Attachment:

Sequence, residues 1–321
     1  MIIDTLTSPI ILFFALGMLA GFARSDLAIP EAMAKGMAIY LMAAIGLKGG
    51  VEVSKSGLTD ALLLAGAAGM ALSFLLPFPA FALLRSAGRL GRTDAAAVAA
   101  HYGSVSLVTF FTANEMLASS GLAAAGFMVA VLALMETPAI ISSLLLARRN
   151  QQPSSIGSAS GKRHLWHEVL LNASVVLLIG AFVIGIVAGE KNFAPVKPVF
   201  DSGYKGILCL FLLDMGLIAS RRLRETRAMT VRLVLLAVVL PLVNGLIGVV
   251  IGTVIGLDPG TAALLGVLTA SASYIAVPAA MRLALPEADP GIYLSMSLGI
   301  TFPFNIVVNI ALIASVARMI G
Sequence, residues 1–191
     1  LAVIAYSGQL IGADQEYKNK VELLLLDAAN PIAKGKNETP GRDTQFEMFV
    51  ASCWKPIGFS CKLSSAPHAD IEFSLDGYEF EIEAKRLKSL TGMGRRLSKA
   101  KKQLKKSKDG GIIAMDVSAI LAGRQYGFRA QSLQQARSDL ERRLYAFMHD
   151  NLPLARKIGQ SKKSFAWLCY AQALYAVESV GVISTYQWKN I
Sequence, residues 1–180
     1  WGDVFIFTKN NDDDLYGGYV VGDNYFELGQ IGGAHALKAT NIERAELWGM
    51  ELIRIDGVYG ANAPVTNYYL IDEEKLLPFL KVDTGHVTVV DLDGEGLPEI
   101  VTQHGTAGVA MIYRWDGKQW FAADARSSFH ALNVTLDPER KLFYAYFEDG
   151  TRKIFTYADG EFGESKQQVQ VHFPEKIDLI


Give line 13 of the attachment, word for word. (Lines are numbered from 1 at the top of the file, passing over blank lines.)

   151  NLPLARKIGQ SKKSFAWLCY AQALYAVESV GVISTYQWKN I